"Horn Please" could be considered the mantra of the Indian highway, and some version of the phrase is written on the back of practically every truck on the road in India today.
One unmistakable feature of the Indian highway is the presence of these brightly decorated trucks that ply the country's roads. The men who drive these trucks spend long hours on the road and can be away from their families for weeks at a time, so their trucks act as a second home and they take great pride in them. The interior and exterior of the trucks are colorfully decorated with paintings, stickers, garlands, tassels, and shrines, which are not only a unique form of folk art but also an expression of individualism.
Photographer Dan Eckstein traveled over 10,000 km across India's byzantine and burgeoning road network documenting these elaborately decorated trucks festooned with lights, brightly colored text, paintings of Hindu, Muslim, Sikh, and Christian deities, pop cultural fixtures, and geometric patterns--symbols representing a blinding mashup of new and old India. What Eckstein produced is a singular portrait of the subcontinent: distinctly Indian, and a vividly colored reflection of this country in flux between tradition and modernity. "Horn Please" serves as a psychedelic guide to design in India, from the hand-painted lettering covering the trucks, to the mindboggling use of color, to the specifically Indian patterns and motifs, and a showcase of the visual vernacular of the subcontinent.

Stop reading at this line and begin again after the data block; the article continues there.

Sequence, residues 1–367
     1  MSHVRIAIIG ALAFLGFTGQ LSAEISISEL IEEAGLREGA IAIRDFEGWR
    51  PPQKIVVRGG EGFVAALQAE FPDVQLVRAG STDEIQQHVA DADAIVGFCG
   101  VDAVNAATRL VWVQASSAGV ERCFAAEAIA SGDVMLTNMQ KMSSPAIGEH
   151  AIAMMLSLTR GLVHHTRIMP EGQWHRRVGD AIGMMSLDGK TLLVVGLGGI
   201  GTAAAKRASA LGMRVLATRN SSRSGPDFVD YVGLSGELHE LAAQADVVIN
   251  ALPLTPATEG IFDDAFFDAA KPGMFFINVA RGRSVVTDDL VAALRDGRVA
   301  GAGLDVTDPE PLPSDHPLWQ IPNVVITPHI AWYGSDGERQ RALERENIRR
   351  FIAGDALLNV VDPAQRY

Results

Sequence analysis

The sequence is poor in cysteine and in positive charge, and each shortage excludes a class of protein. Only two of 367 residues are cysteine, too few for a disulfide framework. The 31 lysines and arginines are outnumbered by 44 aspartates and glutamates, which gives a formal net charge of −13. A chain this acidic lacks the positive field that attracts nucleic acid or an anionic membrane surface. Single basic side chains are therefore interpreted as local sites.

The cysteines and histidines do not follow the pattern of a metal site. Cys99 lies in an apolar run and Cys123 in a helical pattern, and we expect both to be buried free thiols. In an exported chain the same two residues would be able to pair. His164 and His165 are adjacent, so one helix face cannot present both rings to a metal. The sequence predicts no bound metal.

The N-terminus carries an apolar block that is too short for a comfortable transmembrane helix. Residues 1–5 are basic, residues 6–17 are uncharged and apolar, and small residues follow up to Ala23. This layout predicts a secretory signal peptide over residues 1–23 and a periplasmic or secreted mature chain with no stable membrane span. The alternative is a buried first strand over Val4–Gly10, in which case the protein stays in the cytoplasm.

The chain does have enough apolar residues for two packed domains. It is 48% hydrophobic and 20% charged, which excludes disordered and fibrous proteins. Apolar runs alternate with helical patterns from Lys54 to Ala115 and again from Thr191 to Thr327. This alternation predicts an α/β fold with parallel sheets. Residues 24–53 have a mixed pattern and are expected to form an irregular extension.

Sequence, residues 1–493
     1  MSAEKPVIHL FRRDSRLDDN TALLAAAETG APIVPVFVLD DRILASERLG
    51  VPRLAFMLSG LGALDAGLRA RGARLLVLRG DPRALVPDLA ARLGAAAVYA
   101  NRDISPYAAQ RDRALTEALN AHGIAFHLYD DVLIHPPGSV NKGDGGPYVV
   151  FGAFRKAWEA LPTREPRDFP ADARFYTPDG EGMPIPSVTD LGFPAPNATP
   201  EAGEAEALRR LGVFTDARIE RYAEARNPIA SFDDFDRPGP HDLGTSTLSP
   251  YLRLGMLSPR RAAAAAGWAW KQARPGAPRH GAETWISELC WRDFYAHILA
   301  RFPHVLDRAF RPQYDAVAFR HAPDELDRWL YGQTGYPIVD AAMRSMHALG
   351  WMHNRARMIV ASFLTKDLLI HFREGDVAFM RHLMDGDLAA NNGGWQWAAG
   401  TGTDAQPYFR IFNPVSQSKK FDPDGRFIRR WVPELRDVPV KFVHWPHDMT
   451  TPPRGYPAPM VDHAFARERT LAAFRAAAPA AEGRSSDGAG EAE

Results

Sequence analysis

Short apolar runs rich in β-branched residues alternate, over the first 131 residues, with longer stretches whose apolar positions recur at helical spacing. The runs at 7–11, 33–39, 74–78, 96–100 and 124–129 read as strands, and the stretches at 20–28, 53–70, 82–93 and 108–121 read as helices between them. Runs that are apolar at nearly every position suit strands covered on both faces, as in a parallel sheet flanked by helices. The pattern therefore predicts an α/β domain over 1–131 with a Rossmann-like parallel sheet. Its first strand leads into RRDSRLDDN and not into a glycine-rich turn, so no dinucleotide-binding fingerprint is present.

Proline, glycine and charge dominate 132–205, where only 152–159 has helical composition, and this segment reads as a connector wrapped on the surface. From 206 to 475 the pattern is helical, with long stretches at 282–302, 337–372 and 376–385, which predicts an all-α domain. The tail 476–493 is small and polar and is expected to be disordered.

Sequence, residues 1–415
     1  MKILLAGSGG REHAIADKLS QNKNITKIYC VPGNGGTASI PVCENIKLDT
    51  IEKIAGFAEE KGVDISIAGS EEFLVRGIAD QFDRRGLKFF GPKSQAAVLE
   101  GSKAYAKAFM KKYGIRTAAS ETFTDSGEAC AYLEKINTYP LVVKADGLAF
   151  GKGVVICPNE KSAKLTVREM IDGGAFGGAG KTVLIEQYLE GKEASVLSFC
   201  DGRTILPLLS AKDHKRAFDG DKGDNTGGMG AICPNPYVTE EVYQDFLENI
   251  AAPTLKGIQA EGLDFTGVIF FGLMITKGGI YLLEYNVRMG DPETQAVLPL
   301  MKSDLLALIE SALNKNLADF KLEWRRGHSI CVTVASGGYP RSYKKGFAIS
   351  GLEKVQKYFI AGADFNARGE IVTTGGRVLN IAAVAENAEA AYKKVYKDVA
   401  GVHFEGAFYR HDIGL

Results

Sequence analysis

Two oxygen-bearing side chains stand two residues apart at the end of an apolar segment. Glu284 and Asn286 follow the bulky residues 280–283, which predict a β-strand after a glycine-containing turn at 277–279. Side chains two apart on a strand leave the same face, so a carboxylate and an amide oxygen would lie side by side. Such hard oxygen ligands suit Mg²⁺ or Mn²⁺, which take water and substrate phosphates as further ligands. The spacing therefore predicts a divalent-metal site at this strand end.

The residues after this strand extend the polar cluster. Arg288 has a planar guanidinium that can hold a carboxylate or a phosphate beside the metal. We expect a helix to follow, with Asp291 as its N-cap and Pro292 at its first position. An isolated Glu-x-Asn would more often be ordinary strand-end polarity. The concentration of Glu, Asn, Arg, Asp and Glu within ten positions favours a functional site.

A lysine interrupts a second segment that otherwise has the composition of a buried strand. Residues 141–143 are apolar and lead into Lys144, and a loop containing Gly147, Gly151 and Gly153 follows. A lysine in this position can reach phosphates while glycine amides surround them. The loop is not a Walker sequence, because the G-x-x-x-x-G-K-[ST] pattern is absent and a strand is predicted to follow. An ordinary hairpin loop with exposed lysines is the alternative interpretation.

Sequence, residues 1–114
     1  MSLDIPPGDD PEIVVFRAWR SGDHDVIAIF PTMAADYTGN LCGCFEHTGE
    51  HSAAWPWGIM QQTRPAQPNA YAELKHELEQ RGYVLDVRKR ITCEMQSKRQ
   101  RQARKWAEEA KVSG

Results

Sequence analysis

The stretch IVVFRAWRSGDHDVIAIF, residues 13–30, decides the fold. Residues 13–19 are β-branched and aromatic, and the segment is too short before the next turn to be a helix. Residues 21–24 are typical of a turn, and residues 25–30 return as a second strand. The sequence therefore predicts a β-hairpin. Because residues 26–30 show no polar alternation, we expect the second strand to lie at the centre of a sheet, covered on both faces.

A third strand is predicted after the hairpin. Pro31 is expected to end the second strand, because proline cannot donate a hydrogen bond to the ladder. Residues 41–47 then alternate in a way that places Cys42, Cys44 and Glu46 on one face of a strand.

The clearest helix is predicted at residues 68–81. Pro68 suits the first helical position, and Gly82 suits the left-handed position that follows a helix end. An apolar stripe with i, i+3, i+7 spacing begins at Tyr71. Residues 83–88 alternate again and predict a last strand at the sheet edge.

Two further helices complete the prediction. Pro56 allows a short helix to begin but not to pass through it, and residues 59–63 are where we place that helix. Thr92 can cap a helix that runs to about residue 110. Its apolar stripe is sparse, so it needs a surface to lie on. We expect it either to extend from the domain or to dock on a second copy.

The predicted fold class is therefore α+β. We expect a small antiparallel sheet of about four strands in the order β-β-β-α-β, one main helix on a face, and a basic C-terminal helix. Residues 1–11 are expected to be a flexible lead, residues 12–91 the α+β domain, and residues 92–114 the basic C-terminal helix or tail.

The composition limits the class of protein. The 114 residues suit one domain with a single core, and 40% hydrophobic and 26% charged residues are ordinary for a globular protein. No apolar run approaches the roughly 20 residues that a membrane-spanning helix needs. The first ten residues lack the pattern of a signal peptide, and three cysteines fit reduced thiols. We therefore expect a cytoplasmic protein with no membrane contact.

"Dan Eckstein's photos of color-bombed trucks in India just might inspire your next vacation to the subcontinent. Eckstein's series for his forthcoming book "Horn Please" is equal parts about the camaraderie of different drivers from all regions of India as it is about the statements their brightly decorated trucks make."
-"The Washington Post "
"The trucks are bold expressions of individuality and repositories of masculine, laboring pride. Drivers treat their rigs as evolving works of art, periodically commissioning a new illustration from roadside artists like one might collect tattoos."
"On a purely aesthetic level, the trucks intrigue the eye. But as Eckstein talked to more drivers, he learned that their ornamentations are not merely decorative--they're a reflection of the drivers' religious beliefs, caste, region, and personality. In his photographs, Eckstein aimed to portray the trucks as extensions of their drivers. Approached from the front, the vehicles almost look like faces."
As Seen On:
Conde Nast Traveller
The New Republic "
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